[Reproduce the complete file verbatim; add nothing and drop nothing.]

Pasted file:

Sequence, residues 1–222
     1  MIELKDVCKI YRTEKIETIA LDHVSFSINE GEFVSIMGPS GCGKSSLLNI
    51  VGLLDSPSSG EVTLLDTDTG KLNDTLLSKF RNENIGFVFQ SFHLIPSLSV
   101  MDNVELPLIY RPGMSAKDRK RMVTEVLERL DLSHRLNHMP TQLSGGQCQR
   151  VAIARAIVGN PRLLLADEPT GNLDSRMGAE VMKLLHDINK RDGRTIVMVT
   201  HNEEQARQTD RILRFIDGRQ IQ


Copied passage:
Sequence, residues 1–222
     1  MIELKDVCKI YRTEKIETIA LDHVSFSINE GEFVSIMGPS GCGKSSLLNI
    51  VGLLDSPSSG EVTLLDTDTG KLNDTLLSKF RNENIGFVFQ SFHLIPSLSV
   101  MDNVELPLIY RPGMSAKDRK RMVTEVLERL DLSHRLNHMP TQLSGGQCQR
   151  VAIARAIVGN PRLLLADEPT GNLDSRMGAE VMKLLHDINK RDGRTIVMVT
   201  HNEEQARQTD RILRFIDGRQ IQ